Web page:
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How weak urban cooperation with ICE exposes rural areas to criminal aliens

Conservative Review

Sheriff Kenny Lemons never expected to deal with MS-13 criminal aliens after taking office 10 years ago in tiny Clay County, Texas, a rural area near the Oklahoma border. But thanks to the surge in Central Americans in recent years and what he believes to be lax cooperation with ICE from some of the larger metro areas in Texas, highway 287 has become a conduit for drugs and gang members passing through his city. The latest case of Douglas Guevera-Medrano, a 20-year-old illegal alien from El Salvador, underscores the problem.

Douglas Guevera-Medrano was caught in Clay County last Monday after a half-day manhunt involving multiple law enforcement agencies attempting to apprehend him. He had numerous outstanding warrants from Dallas County and is now booked in Sheriff Lemons’ Clay County jail on evading, failure to identify, and outstanding charges in other parts of Texas. According to KFDX, Guevera-Medrano has six outstanding charges from Dallas County for criminal mischief and theft, four charges of criminal mischief, theft, and failure to identify from Farmer’s Branch, and charges from Richardson, Texas, for criminal mischief and theft. According to the sheriff, ICE immediately placed a detainer on him.

The question Sheriff Lemons asked in an interview with CR is: “Why did it take this manhunt in my county in order for this threat to be taken off the streets?”

The outstanding warrants stemmed from an arrest in Dallas County last March, Lemons told me. “Once he made bond last year, he was released without an ICE detainer being placed on him. The reason I was upset about it is because the man shouldn’t even have been in Clay County, if that ICE hold would have been placed on him once those charges were done.  He should have been detained and held until the charges were completed and deported to El Salvador. This is ridiculous. We could not show any detainer ever being placed on him, and either way, he should never have been out on the streets. He has been in the country illegally since 2014 and is a member of the MS-13 street gang. We know that the neighborhood he grew up in El Salvador was predominantly controlled by MS-13.”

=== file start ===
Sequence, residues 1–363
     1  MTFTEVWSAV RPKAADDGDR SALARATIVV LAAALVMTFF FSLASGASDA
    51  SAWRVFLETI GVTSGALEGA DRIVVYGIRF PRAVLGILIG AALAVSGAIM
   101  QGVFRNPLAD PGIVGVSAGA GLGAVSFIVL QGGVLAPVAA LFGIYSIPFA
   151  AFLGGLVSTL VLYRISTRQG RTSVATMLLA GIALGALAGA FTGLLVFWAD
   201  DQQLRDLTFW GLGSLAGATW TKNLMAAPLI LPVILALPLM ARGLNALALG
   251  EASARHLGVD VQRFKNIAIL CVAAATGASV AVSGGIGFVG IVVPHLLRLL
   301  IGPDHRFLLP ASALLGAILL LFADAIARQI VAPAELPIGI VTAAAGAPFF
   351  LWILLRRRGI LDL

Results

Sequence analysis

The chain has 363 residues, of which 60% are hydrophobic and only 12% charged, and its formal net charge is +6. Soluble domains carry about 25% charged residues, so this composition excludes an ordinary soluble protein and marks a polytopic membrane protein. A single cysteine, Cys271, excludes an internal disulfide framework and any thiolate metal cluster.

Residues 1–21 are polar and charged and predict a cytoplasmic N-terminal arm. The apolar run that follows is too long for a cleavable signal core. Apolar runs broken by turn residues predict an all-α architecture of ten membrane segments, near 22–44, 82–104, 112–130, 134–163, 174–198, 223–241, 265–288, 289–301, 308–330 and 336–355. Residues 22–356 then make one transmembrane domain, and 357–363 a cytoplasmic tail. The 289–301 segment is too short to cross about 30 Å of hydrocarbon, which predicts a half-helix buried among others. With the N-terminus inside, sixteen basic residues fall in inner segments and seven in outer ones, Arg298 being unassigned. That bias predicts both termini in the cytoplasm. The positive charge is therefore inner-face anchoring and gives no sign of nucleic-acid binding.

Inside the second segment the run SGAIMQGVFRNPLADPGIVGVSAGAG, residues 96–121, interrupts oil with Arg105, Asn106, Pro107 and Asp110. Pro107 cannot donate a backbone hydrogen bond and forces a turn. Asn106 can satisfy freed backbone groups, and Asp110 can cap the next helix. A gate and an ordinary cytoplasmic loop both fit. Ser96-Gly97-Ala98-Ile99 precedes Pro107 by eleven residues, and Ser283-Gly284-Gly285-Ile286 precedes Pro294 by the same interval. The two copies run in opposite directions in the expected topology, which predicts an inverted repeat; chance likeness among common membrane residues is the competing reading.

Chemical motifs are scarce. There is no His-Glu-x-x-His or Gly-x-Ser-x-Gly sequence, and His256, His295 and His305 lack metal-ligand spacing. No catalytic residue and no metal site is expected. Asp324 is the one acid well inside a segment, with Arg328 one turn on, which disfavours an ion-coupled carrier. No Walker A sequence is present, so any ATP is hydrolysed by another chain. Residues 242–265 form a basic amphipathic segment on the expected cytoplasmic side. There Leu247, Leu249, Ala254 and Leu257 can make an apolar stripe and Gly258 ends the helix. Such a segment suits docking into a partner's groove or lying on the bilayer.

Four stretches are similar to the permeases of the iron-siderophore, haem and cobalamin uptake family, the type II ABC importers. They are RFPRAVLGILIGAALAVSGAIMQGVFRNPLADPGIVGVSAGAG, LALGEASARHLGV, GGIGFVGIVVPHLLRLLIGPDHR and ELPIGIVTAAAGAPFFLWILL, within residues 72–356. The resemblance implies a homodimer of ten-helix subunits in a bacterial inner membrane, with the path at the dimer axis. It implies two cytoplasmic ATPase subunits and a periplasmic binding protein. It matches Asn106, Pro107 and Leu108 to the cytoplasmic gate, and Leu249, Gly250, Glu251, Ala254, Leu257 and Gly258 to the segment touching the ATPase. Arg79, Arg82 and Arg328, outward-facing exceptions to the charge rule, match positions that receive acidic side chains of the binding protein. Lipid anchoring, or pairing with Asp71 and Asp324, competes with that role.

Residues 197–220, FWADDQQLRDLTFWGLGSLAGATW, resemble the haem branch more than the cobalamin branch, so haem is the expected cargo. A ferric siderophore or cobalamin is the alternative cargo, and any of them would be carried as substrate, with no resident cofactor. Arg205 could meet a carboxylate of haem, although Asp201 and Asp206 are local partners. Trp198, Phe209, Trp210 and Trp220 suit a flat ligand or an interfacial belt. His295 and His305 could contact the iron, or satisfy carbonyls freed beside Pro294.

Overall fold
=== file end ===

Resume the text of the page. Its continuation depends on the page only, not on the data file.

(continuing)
According to the sheriff, the manhunt was triggered when Dallas County “subsequently worked a case investigation which led to a warrant being issued for him for the same time for other offenses, and those were fresh warrants that had not been served at the time of his arrest.” The sheriff served all those warrants, and Guevera-Medrano is now being held on $250,000 bond. He has not posted bond yet, but the sheriff was very clear that he intends to honor the ICE detainer if he does post bond and transfer him to federal custody.

The sheriff said that ICE originally would not have known about this guy unless Dallas County had called and asked for a detainer. It’s important to note that while many counties, including Dallas, are not official sanctuaries to the degree that they will disregard ICE detainers (which is illegal in Texas after passage of SB4), they often fail to proactively seek out detainers and notify ICE.

The danger in cases of criminal aliens is that dangerous threats that could easily be eliminated are placed back on the streets once they post bond. There’s a limit to what can be done to hold Americans who post bond, but criminal aliens who post bond for criminal arrests should always be turned over to ICE and held for deportation. This ensures that there is no gap of coverage.

While it is true that ICE agents do see arrests entered into the National Crime Information Center (NCIC), they often miss first-time alien offenders, especially if they evaded Border Patrol at the border and slipped into the country without an encounter. With their fingerprints not on record, ICE has no way of knowing who they are.